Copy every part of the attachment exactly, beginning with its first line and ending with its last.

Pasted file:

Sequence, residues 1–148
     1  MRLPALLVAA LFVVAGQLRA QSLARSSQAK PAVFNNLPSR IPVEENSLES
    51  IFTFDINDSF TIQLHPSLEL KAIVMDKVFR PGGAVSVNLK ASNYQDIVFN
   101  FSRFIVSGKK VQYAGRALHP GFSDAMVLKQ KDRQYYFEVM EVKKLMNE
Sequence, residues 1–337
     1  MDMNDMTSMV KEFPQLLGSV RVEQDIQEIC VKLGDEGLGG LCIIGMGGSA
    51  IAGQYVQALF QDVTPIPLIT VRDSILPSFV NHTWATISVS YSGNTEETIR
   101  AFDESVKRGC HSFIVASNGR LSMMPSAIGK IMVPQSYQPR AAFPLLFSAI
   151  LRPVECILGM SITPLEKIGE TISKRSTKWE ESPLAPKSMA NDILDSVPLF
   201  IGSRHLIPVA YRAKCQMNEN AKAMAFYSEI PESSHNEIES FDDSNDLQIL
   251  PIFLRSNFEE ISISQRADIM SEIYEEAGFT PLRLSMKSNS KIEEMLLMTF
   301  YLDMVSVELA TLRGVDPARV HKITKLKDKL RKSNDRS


Sequence, residues 1–148
     1  MRLPALLVAA LFVVAGQLRA QSLARSSQAK PAVFNNLPSR IPVEENSLES
    51  IFTFDINDSF TIQLHPSLEL KAIVMDKVFR PGGAVSVNLK ASNYQDIVFN
   101  FSRFIVSGKK VQYAGRALHP GFSDAMVLKQ KDRQYYFEVM EVKKLMNE
Sequence, residues 1–337
     1  MDMNDMTSMV KEFPQLLGSV RVEQDIQEIC VKLGDEGLGG LCIIGMGGSA
    51  IAGQYVQALF QDVTPIPLIT VRDSILPSFV NHTWATISVS YSGNTEETIR
   101  AFDESVKRGC HSFIVASNGR LSMMPSAIGK IMVPQSYQPR AAFPLLFSAI
   151  LRPVECILGM SITPLEKIGE TISKRSTKWE ESPLAPKSMA NDILDSVPLF
   201  IGSRHLIPVA YRAKCQMNEN AKAMAFYSEI PESSHNEIES FDDSNDLQIL
   251  PIFLRSNFEE ISISQRADIM SEIYEEAGFT PLRLSMKSNS KIEEMLLMTF
   301  YLDMVSVELA TLRGVDPARV HKITKLKDKL RKSNDRS